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  • Your Hunter Valley Magazine

MOVE OVER MAITLAND! Get to know Morpeth

It has a proud history as one of New South Wales’ most significant river ports, and a rich architectural heritage that has been classified by the National Trust. But the Morpeth of today is about more than just its past – it’s a vibrant dining and retail precinct loved by locals and visitors alike.

Filled with boutiques and businesses that you won’t find anywhere else, the bustling riverside village has worked hard to establish itself as a destination in its own right, where people come to shop, socialise or just spend time soaking up its unique atmosphere.

Local business owner Lisa Simmonds-Webb said the way people view Morpeth has evolved over time as the town has expanded its appeal to encompass a melting pot of offerings that are unique, boutique and delicious.

“Most of the original buildings have now been restored, and we have a real mix of retail offerings and eateries, everything from antiques and art galleries to upmarket boutiques, fine jewellery, vintage shops, handcrafted products and fantastic food to both enjoy whilst you are in town or take home with you,” she said.

“I think that what really sets us apart is that we really are boutique, delicious and unique - you will find things in Morpeth that you truly would not expect.

“We don’t do chain store or mass-produced. A lot of our retailers pride themselves on the fact that their products are unique in one way or another. They may be locally made from local produce or imported directly from another continent to ensure individuality.

“Morpeth offers the opportunity to see world-class artists and bespoke fashion, as well as the most amazing Fairy Shop (perfect for little fairies). You will see shops in Morpeth that you just will not see duplicated anywhere else in Australia or maybe even the world.”

Of course, much of Morpeth’s charm still flows from its history and heritage, whether it’s the cobblestone alleyways filled with hidden treasures and places to explore or the beautifully restored architectural gems that house these unique businesses.

Lisa said Morpeth firmly embraces its heritage, with plenty of opportunities for visitors to sink their teeth into the history of the town, as well as its gourmet food offerings!

“I think that as Australians we are proud of our history and Morpeth has that in being the starting place for so many iconic Australian businesses like Arnott’s Biscuits, Soul Pattinson, Brambles, Sims Metals and Goldsborough Mort,” she said.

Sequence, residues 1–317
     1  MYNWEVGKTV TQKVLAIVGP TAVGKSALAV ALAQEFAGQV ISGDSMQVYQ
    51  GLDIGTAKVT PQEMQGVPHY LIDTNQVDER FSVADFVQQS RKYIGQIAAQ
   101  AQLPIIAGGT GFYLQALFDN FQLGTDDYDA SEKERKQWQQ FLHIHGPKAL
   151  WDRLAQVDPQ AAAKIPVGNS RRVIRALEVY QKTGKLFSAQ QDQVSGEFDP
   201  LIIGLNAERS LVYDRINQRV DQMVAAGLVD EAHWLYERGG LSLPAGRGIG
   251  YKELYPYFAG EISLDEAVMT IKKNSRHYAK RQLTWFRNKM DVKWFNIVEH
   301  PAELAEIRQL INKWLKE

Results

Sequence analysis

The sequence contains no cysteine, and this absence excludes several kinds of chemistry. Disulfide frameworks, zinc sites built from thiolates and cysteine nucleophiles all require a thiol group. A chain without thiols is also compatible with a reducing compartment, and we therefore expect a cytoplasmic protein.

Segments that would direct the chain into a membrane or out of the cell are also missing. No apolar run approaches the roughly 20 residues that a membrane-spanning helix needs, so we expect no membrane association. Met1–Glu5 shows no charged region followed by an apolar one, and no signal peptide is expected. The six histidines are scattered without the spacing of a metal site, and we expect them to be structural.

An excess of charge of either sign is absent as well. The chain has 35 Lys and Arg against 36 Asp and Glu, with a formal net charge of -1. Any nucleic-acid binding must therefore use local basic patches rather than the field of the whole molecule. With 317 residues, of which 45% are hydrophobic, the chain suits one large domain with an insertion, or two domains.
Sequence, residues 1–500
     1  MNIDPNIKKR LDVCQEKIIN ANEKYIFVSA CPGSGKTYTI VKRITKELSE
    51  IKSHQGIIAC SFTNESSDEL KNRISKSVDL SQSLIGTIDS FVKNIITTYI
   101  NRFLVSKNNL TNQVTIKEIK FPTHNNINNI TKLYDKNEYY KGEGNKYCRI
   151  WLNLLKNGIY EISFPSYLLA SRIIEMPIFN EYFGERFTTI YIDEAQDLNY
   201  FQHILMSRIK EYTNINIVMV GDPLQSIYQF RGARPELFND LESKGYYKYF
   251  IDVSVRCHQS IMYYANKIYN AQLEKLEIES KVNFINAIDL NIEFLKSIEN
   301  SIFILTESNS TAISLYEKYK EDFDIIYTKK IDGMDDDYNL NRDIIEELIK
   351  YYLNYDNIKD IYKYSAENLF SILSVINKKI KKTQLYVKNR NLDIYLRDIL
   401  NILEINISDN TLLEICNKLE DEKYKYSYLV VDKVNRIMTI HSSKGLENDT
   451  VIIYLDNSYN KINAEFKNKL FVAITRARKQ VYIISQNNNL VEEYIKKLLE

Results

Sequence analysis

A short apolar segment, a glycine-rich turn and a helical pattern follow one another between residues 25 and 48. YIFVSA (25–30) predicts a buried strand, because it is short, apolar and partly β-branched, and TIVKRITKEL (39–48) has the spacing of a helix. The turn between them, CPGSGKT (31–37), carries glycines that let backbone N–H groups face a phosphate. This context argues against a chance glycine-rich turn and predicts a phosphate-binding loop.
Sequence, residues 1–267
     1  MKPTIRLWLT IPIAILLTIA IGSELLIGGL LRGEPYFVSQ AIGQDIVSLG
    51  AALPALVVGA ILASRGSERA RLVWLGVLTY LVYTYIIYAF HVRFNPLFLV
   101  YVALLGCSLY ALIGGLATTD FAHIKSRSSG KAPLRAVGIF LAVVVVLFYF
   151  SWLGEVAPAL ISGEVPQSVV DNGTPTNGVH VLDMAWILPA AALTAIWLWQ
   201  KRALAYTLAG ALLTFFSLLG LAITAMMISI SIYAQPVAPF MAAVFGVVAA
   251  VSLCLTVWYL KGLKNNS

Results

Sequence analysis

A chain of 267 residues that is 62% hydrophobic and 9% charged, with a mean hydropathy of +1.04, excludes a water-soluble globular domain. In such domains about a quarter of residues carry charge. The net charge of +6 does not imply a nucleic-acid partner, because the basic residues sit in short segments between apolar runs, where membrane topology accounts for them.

“In its heyday, Morpeth had no less than 22 hotels, 12 wharves where the tall ships docked and brought both their cargo and people to the town, and there were also five railways stations, one of which is still intact but now not operating.

“The fantastic thing is that while not all of the hotels and wharves exist anymore, a lot of the original buildings are still highly operational with their original features taking pride of place.

“A trip to the Morpeth Museum is a must if you are looking up family histories or just want to know more about Morpeth in general.”

Local business owners such as Trevor Richards from Campbell’s Store, who was awarded an OAM this year in recognition of his tireless work promoting Morpeth as a tourist destination, are the heart and soul of the village and its evolution.

During the past few years they have banded together to run joint promotions, competitions or events under the banner of “It Must Be Morpeth”.

This includes the popular It Must Be Christmas in Morpeth competition, which is once again offering visitors the chance to win $50,000 simply by spending $20 or more in any of the participating businesses during the promotional period.

The competition is on now and will run until 5pm on December 14. One winner, drawn on December 15, will be given the chance to win the $50,000 grand prize.

Lisa said promotions such as this one reflected the collaborative nature of the town’s traders. “The majority of Morpeth businesses work together as we really want everyone who visits our town to have the best experience possible, and to return and bring their friends,” she said.

“I think that our promotions are designed to celebrate traditions but also to promote fun, to preserve the traditional aspects of family/leisure time and appreciate the finer things in life.

“We strongly believe in our town and our history, and we want Morpeth to be a place where the best memories are made. Even if you are just popping in for coffee or leisurely strolling the streets.”


TOP 10 THINGS TO DO in Morpeth

  1. Book in for a pub lunch in one of the historic hotels

  2. Taste some ginger beer at Campbells Store, where it is made onsite

  3. Take home a Wonka bar or some homemade fudge from Miss Lily’s Lollies

  4. Try a micro-brewed beer or visit Boydell’s cellar door for a glass of wine

  5. Buy a Day of the Dead doll

  6. Immerse yourself in the absolutely beautiful Christmas Lane (opened until December 24 2019)

  7. Taste some honey and buy some sourdough

  8. Take a selfie in front of the Morpeth bridge

  9. Eat yourself silly in one or all of the amazing cafes and delis

  10. Shop ‘til you drop in the boutiques and gift shops

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